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Why motorcycle riders love roadside diners
February 17, 2014
Great info for great riding
Why motorcycle riders love roadside dinersThe American roadside diner: Everyman’s eatery…Bastions of casual gastronomic consumption, 24-hour breakfast, come-as-you-are hospitality and easy parking.
We know them best for their chrome and silver exteriors, Formica interiors and local character.
For motorcycle riders, roadside diners give us an easy place to take a break at most any time when we're on the road.
Bikers usually meet for breakfast and get organized at a local diner before they take off for a day of riding.
When traveling with others or alone, we'll roll into one of these eateries for a mid-day meal or an end-of-the-ride repast.
And after dark, all-night diners often provide a bright oasis -- especially along empty byways and in small towns that otherwise roll up their sidewalks.
When my riding buddies and I recount the highlights of various trips, we often zero in on meals eaten at unique diners.
A perfect example is the Lamont Diner in Wyoming.
This establishment was originally a railroad passenger car. Somehow, it found its way into a dirt parking lot at the edge a prairie town.
The steps leading up to its front door were wobbly stacked cinder blocks. The car was painted red and it stood solidly on its original steel wheels.
We rolled into the Lamont Diner’s parking lot early one summer morning after traveling about 100 miles across the chilly prairie.
I can’t remember what we had for breakfast. But I do recall, for $1.15 it was one of the most filling and inexpensive meals I’ve ever enjoyed on the road.
And there's the -- now defunct -- Short Stop Diner in Bloomfield, New Jersey. Some called the place "eggs in a skillet" because that's just about all it sold.
Maybe you could get a hamburger. But, too bad if you wanted oatmeal or pancakes.
When the cook finished frying a customer’s breakfast of eggs, ham and hash brown potatoes, he’d slip a wooden trivet under the frying pan.
Then he’d plop the whole sizzling business on the counter in front of the patron, who would proceed to chow down right out of the frying pan.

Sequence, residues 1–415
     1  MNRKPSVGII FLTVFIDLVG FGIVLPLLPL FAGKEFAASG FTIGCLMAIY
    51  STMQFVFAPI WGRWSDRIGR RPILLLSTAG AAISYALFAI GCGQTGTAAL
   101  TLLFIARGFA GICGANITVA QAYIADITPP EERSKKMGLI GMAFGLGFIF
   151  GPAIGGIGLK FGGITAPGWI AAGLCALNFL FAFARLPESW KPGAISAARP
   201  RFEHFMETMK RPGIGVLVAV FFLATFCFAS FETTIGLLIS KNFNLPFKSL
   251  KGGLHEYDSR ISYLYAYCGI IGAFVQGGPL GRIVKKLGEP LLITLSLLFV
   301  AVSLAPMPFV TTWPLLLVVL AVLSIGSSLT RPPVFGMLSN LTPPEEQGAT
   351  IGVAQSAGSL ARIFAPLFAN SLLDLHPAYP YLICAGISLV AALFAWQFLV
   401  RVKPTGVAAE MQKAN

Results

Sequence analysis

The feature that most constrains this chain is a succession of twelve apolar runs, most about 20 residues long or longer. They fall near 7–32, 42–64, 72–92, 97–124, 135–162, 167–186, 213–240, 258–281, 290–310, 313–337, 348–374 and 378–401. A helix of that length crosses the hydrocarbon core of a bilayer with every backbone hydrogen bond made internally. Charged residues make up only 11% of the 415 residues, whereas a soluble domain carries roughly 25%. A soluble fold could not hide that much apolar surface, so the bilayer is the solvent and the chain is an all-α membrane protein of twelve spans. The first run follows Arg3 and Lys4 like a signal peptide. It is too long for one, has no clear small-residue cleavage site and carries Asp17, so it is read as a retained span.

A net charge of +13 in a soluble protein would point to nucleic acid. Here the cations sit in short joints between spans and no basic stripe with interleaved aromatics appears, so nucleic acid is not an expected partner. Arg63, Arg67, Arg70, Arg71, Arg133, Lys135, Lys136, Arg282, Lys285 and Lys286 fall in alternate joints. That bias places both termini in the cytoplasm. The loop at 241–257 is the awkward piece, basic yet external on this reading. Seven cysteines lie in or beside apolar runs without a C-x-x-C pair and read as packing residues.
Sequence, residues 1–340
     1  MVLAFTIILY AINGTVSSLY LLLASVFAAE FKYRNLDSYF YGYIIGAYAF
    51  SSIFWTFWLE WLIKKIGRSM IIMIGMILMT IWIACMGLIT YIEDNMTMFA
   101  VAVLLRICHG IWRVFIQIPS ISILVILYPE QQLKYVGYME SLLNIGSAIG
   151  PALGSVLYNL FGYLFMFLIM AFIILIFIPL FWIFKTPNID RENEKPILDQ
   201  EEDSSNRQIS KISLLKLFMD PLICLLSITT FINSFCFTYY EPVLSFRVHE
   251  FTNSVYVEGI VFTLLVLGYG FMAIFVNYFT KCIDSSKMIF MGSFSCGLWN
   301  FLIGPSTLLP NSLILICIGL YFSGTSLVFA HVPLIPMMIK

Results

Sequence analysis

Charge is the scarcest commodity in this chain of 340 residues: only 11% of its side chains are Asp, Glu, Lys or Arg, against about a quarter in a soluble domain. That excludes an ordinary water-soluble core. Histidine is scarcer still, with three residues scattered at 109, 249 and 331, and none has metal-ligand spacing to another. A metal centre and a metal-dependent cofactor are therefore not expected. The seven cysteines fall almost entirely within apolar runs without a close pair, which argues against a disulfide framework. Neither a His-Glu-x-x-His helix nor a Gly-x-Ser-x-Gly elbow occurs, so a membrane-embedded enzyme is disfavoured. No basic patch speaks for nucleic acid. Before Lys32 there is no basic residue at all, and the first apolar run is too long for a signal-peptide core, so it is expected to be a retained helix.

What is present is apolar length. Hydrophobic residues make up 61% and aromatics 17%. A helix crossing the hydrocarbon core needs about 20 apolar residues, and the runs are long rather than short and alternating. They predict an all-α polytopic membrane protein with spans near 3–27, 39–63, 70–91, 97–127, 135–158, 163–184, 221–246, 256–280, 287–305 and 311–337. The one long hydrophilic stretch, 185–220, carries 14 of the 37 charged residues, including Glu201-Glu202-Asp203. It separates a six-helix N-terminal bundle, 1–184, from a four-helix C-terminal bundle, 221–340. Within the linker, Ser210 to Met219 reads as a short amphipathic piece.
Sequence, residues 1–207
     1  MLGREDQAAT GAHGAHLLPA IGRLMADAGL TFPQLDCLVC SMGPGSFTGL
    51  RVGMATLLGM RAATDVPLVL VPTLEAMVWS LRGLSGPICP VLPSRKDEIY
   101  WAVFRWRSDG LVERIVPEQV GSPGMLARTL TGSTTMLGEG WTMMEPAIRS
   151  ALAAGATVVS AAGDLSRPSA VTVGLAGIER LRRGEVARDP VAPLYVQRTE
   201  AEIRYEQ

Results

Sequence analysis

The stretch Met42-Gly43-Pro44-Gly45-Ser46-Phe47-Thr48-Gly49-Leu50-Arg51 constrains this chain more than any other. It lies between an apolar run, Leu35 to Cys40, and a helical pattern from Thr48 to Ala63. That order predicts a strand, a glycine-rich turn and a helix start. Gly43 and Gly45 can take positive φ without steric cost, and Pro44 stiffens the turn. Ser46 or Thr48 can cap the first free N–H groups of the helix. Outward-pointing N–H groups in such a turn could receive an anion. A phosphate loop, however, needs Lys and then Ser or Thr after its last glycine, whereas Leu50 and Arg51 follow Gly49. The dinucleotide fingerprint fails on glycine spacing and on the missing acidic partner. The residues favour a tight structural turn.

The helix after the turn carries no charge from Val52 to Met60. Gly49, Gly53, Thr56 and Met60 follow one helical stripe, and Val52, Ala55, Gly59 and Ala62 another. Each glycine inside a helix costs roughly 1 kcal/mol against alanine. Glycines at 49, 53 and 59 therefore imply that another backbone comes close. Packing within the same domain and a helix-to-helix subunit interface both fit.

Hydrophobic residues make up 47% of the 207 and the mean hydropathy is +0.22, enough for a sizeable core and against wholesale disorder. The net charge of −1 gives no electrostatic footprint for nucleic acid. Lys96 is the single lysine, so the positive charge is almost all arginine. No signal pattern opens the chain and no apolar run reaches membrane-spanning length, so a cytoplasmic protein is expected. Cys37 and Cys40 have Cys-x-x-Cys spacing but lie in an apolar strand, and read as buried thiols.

This eatery could seat only 15 customers at the counter. It didn’t have any tables, so the place frequently had a line of hungry people out front waiting to get in.
Adding to its no-nonsense eat-and-run ambiance, the Short Stop Diner had a 15-minute limit on parking. A sign in its parking lot clearly stated the manager's terms and attitude: "Eat it and beat it."
Only in America
Diners are a uniquely American phenomenon that debuted during the late 1800s. They evolved from wheeled lunch wagons, to stainless steel streamliners, to large roadside establishments with extensive menus.
Their numbers and popularity have always been greatest in the Northeast because that’s where the manufacturers were and are.
The word “diner” comes from “dining car,” and it reflects the styling that diner manufacturers borrowed from the railroad. But, while some diners are actually converted railroad or trolley cars, most were built originally to be stationary eating establishments, not rolling stock.
Over the years, dozens of companies -- most of them located in New Jersey, New York and Massachusetts -- have manufactured diners. But now only a few producers remain.
Diners hit their peak of popularity before and after World War II. New materials including stainless steel and Formica provided a modern look.
And the eye-catching silver streamliner style gave them dazzle and dash. Along the way, many were built with a classic art-deco look.
Each diner is unique
In today’s age of cookie-cutter uniformity among roadside and fast food eateries, diners remain unique.
Although technically they’ve been mass-produced, each diner reflects a distinct, customized blend of design, equipment and features. Stools, tiling, windows, color, signage and external trim vary with each. No two are alike.
One of my favorites is the West Taghkanic Diner located about two hours north of Manhattan. It’s just off the Taconic Parkway on Route 82 in Ancram, New York. This classic retro roadside eatery has been feeding hungry travelers since 1953.
Its all-original design includes a huge landmark neon Indian chief sign out front that still excels as a classic example of American roadside architecture.
So, what makes diners so special?
When you get right down to it, we usually stop at a diner when we need a really convenient, comfortable, no frills place to eat. Nothing special.
But frequently we connect our "diner experiences" to larger experiences that are special or otherwise memorable to us.
And those experiences are what really make these icons of the open road personally unique and memorable.
It's certainly not for the food. * * *
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